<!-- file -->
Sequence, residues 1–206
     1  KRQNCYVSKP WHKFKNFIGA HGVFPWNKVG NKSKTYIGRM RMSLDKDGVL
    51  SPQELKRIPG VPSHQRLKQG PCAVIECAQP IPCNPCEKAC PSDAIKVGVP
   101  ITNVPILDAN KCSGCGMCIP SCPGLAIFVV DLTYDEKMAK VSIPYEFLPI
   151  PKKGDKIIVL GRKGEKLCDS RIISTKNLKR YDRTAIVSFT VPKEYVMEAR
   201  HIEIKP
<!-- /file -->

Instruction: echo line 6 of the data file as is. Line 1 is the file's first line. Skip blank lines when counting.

   201  HIEIKP